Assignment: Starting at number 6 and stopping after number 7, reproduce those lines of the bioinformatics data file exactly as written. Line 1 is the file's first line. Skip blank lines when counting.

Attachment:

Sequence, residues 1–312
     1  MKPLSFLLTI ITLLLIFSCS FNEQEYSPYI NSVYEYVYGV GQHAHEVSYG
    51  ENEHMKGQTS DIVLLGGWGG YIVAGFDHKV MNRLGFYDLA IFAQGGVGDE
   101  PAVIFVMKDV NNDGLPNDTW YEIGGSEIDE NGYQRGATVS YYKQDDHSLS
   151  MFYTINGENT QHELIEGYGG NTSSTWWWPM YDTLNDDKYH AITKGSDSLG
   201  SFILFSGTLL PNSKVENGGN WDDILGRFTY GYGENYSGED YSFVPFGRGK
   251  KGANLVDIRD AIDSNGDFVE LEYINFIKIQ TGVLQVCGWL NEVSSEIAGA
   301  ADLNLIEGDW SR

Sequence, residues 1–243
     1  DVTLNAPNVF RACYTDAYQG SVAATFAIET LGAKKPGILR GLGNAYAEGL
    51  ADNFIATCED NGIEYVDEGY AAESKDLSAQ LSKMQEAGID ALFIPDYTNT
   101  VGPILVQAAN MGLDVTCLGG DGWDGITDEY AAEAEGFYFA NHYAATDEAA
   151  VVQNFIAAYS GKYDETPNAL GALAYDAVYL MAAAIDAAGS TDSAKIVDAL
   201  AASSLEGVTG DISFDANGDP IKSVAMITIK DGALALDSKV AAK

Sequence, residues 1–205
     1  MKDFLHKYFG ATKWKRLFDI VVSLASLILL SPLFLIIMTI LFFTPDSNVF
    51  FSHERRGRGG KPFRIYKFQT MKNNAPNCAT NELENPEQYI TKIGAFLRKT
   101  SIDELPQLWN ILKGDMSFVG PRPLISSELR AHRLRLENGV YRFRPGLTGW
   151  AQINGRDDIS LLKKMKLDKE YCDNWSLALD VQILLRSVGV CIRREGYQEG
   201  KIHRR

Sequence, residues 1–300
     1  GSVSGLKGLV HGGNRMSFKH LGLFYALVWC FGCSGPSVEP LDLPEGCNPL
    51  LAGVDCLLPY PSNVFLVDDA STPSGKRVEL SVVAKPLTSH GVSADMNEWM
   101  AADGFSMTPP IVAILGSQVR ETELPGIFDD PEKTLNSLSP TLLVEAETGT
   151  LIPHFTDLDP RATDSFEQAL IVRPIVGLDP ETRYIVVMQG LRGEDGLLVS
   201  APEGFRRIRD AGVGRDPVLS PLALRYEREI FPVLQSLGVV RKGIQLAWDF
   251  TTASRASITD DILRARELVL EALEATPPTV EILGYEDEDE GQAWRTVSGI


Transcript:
   201  SFILFSGTLL PNSKVENGGN WDDILGRFTY GYGENYSGED YSFVPFGRGK
   251  KGANLVDIRD AIDSNGDFVE LEYINFIKIQ TGVLQVCGWL NEVSSEIAGA